Up until a couple of years ago, there was a technique for savvy travelers to reach elite status by going on something called a mileage run. This would consist of trying to find the cheapest tickets, regardless of the connections or duration to fly as far as one possibly can. This was because back in the days, airlines would base status on just miles flown alone.
Now and days, airlines got smarter and tacked on spend requirements, which essentially killed the use of mileage runs. Today, you need to either be young and nimble enough to withstand 10+ economy flights a year or be a business traveler. There is an increased focus on loyal and high paying customers, which is where the airlines make the majority of their income.
The Modern Day Mileage Run
Recently, Team GTE participated in a “modern day mileage run”. It’s not quite as easy as before, and points are accumulated from more than one source. Here’s what you need:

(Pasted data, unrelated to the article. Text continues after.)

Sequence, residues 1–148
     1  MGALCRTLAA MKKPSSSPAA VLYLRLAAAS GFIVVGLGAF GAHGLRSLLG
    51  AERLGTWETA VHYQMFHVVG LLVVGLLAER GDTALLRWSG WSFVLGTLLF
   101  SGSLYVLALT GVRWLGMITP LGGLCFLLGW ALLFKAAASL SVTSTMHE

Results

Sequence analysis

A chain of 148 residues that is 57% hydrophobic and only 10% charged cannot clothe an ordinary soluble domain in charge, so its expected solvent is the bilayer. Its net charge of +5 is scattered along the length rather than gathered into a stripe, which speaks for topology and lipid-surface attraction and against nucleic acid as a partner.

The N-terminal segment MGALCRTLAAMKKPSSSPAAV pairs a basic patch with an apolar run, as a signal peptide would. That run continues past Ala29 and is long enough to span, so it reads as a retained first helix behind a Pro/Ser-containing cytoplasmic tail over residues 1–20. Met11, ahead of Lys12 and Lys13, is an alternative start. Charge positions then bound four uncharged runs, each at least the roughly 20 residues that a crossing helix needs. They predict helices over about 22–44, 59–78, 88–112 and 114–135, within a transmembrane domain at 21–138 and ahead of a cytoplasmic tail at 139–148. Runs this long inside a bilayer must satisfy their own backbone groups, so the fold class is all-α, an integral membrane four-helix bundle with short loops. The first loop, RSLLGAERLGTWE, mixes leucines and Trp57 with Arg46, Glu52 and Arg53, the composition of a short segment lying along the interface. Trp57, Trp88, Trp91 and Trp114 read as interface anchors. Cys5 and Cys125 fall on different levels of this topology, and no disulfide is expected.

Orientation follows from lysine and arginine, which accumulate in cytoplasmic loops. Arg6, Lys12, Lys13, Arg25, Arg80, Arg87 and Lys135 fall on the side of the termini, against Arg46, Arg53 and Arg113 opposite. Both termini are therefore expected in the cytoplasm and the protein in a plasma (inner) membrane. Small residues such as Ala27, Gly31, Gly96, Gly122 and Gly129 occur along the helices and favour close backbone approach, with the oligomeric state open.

1) Loyal airline customer – Top tier airline status
2) High yielding credit card – Amex Platinum, Chase Sapphire Reserve, Citi Prestige
3) Arline promotions – Opportunities for you gain additional points.
Below is the breakdown of how we accumulated almost 100k points for a single $3000 ticket.
- Miles Play promotion – randomly selected by United @ 48,000 bonus miles offered for spending over $1200 on a premium cabin ticket.
- High yield credit card – Amex Platinum – 5x Points on Travel
- Airline promotion – 3x additional points for flights to Hong Kong
|United Miles Play||48,800|
|UA869 W Economy Class (GPU Eligible)||4,939|
|UA862 P business class||32,472|
|HK promo 3x more on fare (11x for 1k + 3x Extra = 14x total)||10,204|
There is real no easy way to accumulate miles. All the opportunities now skew towards higher paying customers. Even with almost 100k accumulated, Team GTE still spent over $3000 on a single ticket and had to use a GPU to fly business class outbound. Also, 17,000 of those points are in our Amex account, which is not transferable to United. All in all, it’s still not bad as even 80,000 miles is good enough for a one-way business class supersaver ticket, which is valued still at around $2500-3000. Just make sure your dates are flexible.
Until Next Time,
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